By Katie Crampton, Communications Coordinator at Wikimedia UK
The goal of Wikipedia is to create a world where everyone has access to all available knowledge, but in order to do this, we need to reflect all global viewpoints. Increased engagement and representation of marginalised groups and topics on Wikipedia has been a significant strategic goal of Wikimedia UK’s work to combat inequality and bias. While there are many ways that institutions of power and privilege can exclude people, we will be focusing on the gender gap this Women’s History Month and critically examining how women are portrayed on Wikipedia and the Wikimedia projects.
It is crucial to fight to improve the representation of women, non-binary individuals, and related topics on Wikipedia. We must ensure that the free global information resource, which is read more than 15 billion times a month, is conveying everyone’s narrative if “you can’t be what you can’t see.” Women, people of colour, persons with disabilities, LGBTQ+ people, and people who reside outside of the United States and Western Europe are included in this. Those individuals and their tales already exist; they don’t require a Wikipedia entry to make them come to life. The “first stop” for many of us, though, when we want to learn about the world is Wikipedia.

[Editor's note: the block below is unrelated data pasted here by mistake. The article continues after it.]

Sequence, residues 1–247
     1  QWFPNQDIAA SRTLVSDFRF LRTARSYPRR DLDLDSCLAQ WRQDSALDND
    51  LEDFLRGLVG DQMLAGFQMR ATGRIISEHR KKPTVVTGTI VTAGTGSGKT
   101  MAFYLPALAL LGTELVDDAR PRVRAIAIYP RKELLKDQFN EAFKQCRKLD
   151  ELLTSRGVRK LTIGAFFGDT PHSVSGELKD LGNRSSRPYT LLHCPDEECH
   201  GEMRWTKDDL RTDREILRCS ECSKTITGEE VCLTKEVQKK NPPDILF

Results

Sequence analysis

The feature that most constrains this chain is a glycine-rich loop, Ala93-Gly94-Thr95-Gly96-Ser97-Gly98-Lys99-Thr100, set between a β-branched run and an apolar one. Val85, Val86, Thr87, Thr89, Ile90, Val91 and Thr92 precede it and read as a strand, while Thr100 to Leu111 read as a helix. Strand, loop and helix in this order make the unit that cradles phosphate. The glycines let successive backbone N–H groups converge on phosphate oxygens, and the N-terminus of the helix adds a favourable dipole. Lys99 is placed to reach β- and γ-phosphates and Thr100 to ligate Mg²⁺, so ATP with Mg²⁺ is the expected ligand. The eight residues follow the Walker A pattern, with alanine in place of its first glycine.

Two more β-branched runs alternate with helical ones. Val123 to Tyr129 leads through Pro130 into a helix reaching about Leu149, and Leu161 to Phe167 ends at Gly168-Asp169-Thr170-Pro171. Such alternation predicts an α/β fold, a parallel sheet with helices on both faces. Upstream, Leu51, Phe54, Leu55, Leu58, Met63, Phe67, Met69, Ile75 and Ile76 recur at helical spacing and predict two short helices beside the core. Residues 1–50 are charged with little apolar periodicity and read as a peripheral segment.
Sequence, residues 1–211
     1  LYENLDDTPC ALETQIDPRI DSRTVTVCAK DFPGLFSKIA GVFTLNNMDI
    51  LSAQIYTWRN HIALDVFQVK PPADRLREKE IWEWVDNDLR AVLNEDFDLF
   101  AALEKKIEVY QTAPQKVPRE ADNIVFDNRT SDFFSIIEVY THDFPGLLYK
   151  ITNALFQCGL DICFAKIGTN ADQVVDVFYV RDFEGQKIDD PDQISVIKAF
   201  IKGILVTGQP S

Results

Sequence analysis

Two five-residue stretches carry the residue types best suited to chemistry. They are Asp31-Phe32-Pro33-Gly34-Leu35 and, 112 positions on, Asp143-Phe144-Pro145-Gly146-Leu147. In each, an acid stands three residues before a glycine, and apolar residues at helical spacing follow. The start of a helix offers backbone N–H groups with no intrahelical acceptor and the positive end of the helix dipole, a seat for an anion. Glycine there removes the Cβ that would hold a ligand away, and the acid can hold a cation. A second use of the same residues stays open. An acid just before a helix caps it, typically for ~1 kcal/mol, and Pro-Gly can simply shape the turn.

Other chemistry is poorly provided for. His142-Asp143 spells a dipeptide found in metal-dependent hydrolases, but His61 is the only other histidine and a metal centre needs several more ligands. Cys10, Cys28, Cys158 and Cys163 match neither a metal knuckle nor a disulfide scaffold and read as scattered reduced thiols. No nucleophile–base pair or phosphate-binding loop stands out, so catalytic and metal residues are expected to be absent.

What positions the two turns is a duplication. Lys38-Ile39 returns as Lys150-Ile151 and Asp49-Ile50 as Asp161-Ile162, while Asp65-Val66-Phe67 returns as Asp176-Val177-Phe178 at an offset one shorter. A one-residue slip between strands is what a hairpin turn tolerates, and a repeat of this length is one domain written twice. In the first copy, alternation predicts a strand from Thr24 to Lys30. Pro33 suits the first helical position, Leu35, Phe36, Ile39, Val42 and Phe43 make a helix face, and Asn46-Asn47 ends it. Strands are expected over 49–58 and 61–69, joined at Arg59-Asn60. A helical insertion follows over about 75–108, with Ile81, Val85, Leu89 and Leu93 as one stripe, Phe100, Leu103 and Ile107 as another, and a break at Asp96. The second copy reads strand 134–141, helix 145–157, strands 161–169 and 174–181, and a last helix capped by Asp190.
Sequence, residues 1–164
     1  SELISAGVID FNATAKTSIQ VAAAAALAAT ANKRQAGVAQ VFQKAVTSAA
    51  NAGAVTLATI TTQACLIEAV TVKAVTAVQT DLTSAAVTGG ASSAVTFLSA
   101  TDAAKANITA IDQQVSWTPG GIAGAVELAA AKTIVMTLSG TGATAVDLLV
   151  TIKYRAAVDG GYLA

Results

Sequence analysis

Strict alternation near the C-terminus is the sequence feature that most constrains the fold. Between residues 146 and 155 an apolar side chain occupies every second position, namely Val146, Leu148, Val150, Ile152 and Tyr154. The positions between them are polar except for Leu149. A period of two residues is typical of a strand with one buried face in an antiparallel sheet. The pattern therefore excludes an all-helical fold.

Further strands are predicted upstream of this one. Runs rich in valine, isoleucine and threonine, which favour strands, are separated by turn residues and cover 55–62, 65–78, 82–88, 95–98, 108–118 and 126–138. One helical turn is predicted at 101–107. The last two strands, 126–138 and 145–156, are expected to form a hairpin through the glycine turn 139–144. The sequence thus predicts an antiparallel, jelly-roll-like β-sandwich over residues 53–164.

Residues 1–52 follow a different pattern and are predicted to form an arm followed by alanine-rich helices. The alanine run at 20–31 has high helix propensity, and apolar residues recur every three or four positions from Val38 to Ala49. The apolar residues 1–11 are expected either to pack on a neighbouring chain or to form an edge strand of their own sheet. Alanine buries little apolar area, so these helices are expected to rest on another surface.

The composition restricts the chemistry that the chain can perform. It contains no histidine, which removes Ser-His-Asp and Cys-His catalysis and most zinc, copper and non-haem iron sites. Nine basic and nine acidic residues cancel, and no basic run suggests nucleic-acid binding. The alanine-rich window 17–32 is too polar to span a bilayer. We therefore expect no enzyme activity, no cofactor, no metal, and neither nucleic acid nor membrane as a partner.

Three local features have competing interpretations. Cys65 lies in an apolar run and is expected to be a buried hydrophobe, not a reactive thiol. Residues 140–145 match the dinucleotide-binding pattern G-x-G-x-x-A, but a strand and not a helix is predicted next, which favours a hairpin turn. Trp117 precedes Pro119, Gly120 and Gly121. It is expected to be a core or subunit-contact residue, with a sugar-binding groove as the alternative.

On Wikimedia, people of any gender can and do devote time and effort to solving gender inequity. This could be done in a variety of ways, including writing fresh stories on women, hiring more female editors, increasing awareness of the gender pay gap, etc. Editing Wikipedia is becoming more and more recognised as a type of knowledge activism that addresses information gaps and sparks debates about how knowledge and information are produced, vetted, and challenged online.
At Wikimedia UK we organise projects that help close the gender gap on Wiki, like our partnership with The National Galleries of Scotland worked with us to achieve greater gender parity for the artists represented on Wikipedia. In our lead volunteers – volunteers who organise events and projects supporting our work – we have achieved gender parity.
If you’re interested in attending events aimed at closing the gender gap, check our events page for upcoming opportunities.